“And she’ll promise you more than the Garden of Eden,
then she’ll carelessly cut you and laugh while you’re bleedin’.
But she’ll bring out the best and the worst you can be.
Blame it all on yourself,
cause she’s always a woman to me.”
History lesson: Found on the 1977 album, The Stranger, She’s Always a Woman has been described as a love song about a “modern woman”, sung by the man who loves her for all of her quirky ways and despite her flaws. The song reached #17 on the Billboard charts in the U.S., and hit #53 in the UK in 1986 when it was released as a “double A side” with Just the Way You Are.
(editor’s note: what a perfect duo of unconditional “love songs”)
It has been documented that a Muzak version of this song was playing at the World Trade Center plaza moments before it was eventually destroyed during the September 11, 2001 terrorist attacks.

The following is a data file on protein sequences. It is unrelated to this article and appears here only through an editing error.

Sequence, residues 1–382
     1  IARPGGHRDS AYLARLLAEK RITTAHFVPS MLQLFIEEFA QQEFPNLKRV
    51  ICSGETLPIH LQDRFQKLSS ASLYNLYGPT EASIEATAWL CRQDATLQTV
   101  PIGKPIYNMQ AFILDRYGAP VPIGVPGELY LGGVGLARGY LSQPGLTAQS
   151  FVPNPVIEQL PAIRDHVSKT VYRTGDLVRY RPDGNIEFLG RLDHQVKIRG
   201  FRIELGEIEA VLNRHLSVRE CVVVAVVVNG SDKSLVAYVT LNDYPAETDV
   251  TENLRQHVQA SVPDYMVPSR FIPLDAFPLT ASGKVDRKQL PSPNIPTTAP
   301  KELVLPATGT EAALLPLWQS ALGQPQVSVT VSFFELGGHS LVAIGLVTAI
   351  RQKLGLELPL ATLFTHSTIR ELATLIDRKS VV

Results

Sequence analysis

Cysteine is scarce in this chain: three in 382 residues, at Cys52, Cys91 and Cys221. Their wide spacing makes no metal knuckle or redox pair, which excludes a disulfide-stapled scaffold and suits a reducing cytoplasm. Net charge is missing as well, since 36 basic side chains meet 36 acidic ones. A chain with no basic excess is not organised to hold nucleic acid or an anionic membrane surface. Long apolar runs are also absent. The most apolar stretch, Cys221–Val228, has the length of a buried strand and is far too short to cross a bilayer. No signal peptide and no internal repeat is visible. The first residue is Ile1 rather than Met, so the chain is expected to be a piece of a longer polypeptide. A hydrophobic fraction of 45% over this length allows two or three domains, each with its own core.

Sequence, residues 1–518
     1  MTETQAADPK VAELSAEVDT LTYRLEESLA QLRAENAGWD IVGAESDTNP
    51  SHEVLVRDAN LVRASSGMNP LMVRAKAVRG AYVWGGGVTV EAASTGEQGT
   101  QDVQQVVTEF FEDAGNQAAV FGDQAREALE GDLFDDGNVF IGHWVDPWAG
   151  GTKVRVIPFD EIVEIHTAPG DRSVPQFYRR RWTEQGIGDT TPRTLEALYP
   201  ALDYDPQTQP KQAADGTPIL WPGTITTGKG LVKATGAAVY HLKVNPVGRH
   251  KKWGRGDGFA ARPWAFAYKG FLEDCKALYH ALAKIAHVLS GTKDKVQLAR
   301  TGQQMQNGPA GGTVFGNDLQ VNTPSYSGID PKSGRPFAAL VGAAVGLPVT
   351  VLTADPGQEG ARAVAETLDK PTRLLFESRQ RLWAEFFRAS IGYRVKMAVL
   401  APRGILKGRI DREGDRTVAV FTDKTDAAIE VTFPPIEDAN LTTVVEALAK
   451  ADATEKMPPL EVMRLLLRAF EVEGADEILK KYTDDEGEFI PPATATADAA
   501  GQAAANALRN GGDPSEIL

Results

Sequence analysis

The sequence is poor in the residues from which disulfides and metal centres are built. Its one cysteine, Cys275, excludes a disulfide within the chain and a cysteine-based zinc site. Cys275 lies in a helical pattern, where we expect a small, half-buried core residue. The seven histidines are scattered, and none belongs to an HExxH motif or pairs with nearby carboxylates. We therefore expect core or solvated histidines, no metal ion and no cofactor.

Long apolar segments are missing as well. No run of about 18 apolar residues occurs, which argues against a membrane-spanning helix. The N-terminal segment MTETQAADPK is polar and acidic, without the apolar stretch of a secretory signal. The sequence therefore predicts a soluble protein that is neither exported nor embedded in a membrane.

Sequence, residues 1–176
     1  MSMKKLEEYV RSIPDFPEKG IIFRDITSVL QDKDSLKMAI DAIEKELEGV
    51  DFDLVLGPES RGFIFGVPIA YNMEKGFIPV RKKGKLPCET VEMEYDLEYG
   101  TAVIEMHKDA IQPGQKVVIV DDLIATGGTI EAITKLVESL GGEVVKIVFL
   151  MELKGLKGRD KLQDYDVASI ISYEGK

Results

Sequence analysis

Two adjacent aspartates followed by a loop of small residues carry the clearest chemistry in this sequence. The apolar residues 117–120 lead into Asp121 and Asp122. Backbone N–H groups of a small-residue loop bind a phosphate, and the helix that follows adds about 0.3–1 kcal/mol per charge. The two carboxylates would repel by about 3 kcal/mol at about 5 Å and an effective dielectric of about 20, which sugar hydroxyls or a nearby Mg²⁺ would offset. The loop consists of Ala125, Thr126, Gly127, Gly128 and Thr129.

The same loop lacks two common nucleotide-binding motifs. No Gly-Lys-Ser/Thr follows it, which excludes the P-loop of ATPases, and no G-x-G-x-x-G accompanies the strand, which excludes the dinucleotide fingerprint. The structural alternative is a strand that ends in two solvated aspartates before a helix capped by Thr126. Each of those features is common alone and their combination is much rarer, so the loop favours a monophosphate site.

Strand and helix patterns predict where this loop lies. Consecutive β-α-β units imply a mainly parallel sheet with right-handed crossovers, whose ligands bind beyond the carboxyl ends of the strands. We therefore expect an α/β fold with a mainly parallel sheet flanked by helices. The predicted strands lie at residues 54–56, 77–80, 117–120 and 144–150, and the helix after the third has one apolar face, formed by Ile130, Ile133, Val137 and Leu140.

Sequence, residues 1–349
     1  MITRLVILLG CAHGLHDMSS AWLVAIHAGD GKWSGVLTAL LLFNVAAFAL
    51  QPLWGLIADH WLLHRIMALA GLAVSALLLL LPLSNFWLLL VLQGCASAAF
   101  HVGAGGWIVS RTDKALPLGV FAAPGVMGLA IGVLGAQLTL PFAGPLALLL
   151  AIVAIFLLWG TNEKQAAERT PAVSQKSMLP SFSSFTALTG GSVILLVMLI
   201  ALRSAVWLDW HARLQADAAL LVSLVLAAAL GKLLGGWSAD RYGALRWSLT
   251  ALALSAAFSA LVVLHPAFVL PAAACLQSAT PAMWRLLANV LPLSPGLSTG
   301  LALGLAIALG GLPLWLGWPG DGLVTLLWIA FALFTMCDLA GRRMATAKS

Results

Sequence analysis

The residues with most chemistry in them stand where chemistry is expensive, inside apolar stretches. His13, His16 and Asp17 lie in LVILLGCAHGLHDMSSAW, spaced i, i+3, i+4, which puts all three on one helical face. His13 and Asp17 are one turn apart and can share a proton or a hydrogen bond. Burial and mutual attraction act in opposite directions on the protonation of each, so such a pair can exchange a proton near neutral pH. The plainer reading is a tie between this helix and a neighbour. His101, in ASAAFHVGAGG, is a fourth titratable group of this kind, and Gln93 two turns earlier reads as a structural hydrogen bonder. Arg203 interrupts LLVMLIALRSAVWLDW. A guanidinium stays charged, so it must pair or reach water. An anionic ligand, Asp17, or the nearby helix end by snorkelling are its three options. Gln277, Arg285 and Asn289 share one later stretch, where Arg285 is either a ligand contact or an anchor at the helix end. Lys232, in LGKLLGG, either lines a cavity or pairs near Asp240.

Personal reflection: My earliest memory of this song was when I was eight years old and heard the song for the first time. It was night and I was in the backseat of my Mother’s car, she had the radio on and this song started to play. The headlights and the street lamps were casting shadows and streaks of light across where I sat, and it seemed like some kind of magic to me. The line quoted above came on, and the image I had in my head was of a female vampire who was beautiful and lovely, but also a killer. I always had a romantic fascination with vampires, and this woman, this vampire, she was not a monster to me, but something misunderstood. I would hear those lyrics to the song in my head and would create a bit more of her story in my imagination, sketching in the singer as a shy human man who loved her from afar, the only one to understand her.
She’s Always a Woman to Me (live) :: Billy Joel